2- A trail wide enough to allow for the park service's vehicles allows them to deliver materials without resorting to more expensive helicopter flights. It also provides faster access to injured hikers. DEC rangers use ATVs for this purpose but only where the trails are wide and smooth enough to allow for it.

      3- Constructing a new lodge next to an old one lets you keep the old one in operation (and making money) during the construction phase. Perhaps someone did a cost-benefit analysis and learned it was cheaper than renovating the old building.
      To answer your reply

      1- The old trail was not worn out since it is flat with no water running naturaly on it.

      2- Rescue could be done with some of there smaller motorized equipment, the trail are so wide that you can go with a F150 pickup on them.

      3- I think you missed an important detail in my remark : They destroyed the newly built lodge to make a new one exactly where the original one was. A case of bad planning and waste of ressources. The only items that were sold are with distribution machine, not a huge loss of money if you have to close the lodge for a short period of time..


      All, of this is due to mismanagement of public money, You have to realized that administrators of public corporation receive a budget that reflects their spending. Often in public institution corporation there is no incentive to manage money in an efficient manner.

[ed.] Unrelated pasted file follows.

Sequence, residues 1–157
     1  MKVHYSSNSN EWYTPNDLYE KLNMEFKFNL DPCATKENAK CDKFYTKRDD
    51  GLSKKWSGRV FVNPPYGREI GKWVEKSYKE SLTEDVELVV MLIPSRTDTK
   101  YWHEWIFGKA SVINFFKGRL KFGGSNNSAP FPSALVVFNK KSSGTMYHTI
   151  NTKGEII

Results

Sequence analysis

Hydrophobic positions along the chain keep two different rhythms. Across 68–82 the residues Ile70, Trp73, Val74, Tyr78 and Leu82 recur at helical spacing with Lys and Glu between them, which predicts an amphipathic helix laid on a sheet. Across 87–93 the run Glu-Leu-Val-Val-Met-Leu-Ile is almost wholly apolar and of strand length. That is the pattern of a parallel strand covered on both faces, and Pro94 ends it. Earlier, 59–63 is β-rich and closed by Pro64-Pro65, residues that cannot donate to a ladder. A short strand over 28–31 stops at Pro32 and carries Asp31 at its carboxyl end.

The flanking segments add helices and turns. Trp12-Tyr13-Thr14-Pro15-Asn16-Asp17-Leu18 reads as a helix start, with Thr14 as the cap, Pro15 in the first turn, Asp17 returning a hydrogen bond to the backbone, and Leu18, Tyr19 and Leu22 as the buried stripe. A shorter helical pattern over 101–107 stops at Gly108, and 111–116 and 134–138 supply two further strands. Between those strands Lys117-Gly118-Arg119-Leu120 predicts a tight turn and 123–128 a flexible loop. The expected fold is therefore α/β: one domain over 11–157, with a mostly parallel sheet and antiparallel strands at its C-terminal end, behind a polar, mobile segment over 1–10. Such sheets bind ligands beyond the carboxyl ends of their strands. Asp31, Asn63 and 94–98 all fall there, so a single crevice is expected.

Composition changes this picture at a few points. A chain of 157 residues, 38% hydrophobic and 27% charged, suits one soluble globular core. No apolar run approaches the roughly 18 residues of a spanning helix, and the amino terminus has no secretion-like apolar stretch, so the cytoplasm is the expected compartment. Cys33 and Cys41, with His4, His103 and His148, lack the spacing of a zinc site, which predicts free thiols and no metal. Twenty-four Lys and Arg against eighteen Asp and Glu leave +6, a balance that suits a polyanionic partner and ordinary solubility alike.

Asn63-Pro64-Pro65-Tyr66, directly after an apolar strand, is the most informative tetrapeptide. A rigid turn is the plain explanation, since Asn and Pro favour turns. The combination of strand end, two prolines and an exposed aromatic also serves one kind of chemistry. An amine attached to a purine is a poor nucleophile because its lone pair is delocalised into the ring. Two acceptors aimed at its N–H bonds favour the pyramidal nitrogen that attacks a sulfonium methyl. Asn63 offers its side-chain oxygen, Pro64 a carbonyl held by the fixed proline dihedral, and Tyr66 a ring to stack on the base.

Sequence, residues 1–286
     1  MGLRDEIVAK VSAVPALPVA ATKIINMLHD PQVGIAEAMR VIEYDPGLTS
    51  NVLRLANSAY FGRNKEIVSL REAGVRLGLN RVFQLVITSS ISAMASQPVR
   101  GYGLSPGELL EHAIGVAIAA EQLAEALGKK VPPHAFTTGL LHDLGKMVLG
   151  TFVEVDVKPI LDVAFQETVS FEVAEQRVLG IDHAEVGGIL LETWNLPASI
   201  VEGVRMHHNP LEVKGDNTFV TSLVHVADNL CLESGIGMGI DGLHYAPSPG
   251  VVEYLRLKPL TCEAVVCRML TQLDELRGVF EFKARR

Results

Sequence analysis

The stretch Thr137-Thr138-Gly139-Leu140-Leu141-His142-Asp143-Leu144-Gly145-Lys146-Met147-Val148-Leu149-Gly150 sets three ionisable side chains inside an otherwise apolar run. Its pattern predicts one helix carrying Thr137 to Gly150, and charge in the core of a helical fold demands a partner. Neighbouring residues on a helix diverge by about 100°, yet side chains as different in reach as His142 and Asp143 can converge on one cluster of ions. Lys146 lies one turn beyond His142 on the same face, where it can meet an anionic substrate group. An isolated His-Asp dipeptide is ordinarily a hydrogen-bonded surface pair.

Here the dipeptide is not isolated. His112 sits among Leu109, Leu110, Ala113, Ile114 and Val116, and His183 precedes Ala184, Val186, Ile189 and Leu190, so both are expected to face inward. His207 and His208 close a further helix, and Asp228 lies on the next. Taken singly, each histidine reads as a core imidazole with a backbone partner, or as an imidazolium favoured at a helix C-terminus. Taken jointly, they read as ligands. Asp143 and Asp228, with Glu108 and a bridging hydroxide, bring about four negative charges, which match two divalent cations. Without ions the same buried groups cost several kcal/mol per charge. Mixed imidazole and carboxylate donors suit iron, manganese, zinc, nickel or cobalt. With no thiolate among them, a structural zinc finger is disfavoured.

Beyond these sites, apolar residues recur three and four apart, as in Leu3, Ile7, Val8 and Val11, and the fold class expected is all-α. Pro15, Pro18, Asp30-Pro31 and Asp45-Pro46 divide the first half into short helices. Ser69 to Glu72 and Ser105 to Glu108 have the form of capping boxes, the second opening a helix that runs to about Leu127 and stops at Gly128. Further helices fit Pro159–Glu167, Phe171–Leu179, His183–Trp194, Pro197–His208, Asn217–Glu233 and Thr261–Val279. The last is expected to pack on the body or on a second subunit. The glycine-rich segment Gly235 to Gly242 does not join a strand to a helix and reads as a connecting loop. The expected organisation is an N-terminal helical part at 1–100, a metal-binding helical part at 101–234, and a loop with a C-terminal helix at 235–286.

I gave these examples to show what could happened with funds, BUT my most important point is that it should remains FREE of charges to access public land.

      If you are concerned about the cost of Search and Rescue, then another solution could be the implementation of voluntary rescue insurance.

      After my reply to your remarks you are still in doubt of the validity of my initial remarks, I invited you to come along with me, you will see for yourself how mismanaged the money can be done by a public administration.
      8000m 0/14

      Comment


      • Trail Boss
        Trail Boss commented
        Editing a comment
        I'd like to learn more about it. Did anyone challenge SEPAQ's decisions (for the 3 examples you provided)? Did SEPAQ reply to the challenges?

    • #19
      I see photos of Indian Head posted on Facebook, Reddit, Instagram and whatnot all the time. I've yet to visit that area because I am worried it will be over crowded.

      Sometimes I wish there was a shuttle, or the LP Express would pick hikers up from the Parking Lot behind the Scenic Railroad and drop them off at the ADK Loj. Of course...if you miss the shuttle that'd be a far way to walk.

      Comment


      • #20
        Originally posted by nangaparbat View Post

        As a solution to overcrowding in the Dacks, you seems to suggest that put access fees is a solution....
        Not to control "overcrowding", to provide money to improve infrastructure. But I agree that the odds of collected money going to say, cutting a durable trail to Cliff or building better toilets at trailheads, are scant.
        1111111111

        Comment


        • #21
          It's a great spot on a late November or early December weekday. Was up on Rooster comb earlier this month and that's a great view with not too much effort. I hope it's not on a list. I'm sure others have noticed but it seems that the Giant and Ausable trailheads are busier now than ever.

          Comment

        Working...
        X